Labour Ministry officials have called on migrant workers in Thailand and overseas not to fall prey to rebel propaganda claiming that their employers would give them a week off to return home next month to coincide with the planned return of Sam Rainsy to the Kingdom.
Labour Ministry spokesman Heng Sour yesterday said that scammers reportedly told migrant workers that their bosses would allow them a week off starting on November 8.
“The workers who return home via scammers’ propaganda, their bosses will not accept them back and they cannot go back to work,” Mr Sour said. “All workers working in that country have to respect an official holiday set by that country. Please do not believe in provocation or else you will lose your job.”
Mr Sour said that the ministry has also notified Cambodian ambassadors overseas, private recruitment agencies, foreign employers and labour ministries in Thailand, Japan, South Korea and Malaysia to cooperate and prevent such a propaganda.
“These scams have occurred in Japan and Thailand, but their networks could reach South Korea and Malaysia,” Mr Sour said. “If you believe it, take leave and return home, you will waste your travel money, and lose your job.”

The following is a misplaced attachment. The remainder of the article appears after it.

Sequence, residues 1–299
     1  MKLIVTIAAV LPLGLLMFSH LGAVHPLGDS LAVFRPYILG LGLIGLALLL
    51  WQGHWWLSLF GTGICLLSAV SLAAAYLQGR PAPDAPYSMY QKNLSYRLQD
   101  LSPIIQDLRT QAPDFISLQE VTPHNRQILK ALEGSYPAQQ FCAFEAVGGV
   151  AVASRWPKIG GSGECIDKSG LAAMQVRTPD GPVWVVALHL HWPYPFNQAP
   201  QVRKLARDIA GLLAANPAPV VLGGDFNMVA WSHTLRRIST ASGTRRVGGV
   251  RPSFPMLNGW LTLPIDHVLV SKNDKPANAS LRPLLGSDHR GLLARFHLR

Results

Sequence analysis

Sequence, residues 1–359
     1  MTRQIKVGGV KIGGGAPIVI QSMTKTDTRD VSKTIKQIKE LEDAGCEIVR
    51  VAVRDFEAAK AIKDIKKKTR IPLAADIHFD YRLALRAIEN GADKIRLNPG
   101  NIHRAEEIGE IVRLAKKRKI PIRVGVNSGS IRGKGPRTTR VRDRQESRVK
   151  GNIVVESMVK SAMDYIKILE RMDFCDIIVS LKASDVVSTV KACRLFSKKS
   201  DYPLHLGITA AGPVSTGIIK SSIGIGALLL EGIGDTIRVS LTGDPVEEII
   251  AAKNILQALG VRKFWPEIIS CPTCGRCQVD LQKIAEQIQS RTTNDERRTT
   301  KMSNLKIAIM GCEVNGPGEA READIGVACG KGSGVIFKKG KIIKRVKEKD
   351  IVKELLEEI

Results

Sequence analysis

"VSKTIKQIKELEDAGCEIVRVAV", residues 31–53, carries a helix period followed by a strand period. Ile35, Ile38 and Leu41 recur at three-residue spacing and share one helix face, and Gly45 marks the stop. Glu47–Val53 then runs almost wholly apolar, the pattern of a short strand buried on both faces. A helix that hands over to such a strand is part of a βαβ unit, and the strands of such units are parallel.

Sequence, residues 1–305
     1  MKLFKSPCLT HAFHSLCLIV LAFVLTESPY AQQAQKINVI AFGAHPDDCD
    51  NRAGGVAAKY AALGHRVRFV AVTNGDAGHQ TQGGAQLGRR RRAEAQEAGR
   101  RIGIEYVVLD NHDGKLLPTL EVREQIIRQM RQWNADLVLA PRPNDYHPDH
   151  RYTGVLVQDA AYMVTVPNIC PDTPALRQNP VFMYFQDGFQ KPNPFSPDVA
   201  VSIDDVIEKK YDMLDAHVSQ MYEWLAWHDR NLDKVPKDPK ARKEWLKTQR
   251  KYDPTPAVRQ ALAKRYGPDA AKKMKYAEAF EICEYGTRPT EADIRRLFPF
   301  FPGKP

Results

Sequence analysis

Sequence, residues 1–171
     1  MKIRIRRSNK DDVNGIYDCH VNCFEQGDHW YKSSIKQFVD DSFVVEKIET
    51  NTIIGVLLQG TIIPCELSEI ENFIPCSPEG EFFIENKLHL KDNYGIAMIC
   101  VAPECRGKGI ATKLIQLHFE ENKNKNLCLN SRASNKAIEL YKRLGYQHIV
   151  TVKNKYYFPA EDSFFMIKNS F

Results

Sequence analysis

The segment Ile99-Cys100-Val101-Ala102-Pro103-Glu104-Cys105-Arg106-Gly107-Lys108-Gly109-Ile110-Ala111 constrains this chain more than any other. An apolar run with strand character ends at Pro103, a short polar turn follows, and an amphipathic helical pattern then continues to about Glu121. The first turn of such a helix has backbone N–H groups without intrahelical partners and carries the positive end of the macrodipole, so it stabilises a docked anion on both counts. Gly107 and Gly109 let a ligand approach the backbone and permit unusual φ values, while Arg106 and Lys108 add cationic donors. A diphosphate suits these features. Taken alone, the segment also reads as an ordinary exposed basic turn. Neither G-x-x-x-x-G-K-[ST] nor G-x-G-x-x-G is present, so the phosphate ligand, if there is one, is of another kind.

The propaganda surfaced this week as Mr Rainsy, who is in exile with a handful of his allies, is purportedly planning to return to the Kingdom to restore democracy and human rights on November 9.
Mr Rainsy has been calling on citizens to participate in his “Nine Fingers” campaign, which is considered a coup by the government.
Mu Sochua, former CNRP vice president, was banned from entering Thailand on Sunday when she landed at an airport in Bangkok.
According to the Foreign Affairs Ministry , Ms Sochua left Kuala Lumpur for Bangkok on Sunday, but was banned from entering Thailand.
“Thai Immigration Police officials did not allow her to enter Thailand because her name has been blacklisted as requested by Cambodian authorities,” the ministry said yesterday, noting that Thai authorities sent her back to Malaysia at 8pm on the same day.
Pav Sina, president of the Collective Union of Movement of Workers, yesterday said that migrant workers should be well aware of the scams.
“The appeal and misinformation spread by any groups are of bad intention. So, I think that workers as well as migrant workers should understand and know clearly about their official holiday regardless of provocation by others,” Mr Sina said.
He said that the workers should be mindful before making a decision to return home.
“The workers have to consider it carefully and be thoughtful before doing something,” Mr Sina said.
Thann Thanak, 25, a migrant worker in South Korea, yesterday said that his workplace never informed him of a week off.
“I did not know nor hear about it at all,” Mr Thanak said. “I do not have a plan to come home. I want to work to earn money to help my family.”
“I only care about my work. I do not want to waste my money to do something useless. Even if someone pays my travel expenses, I will not come,” Mr Thanak said.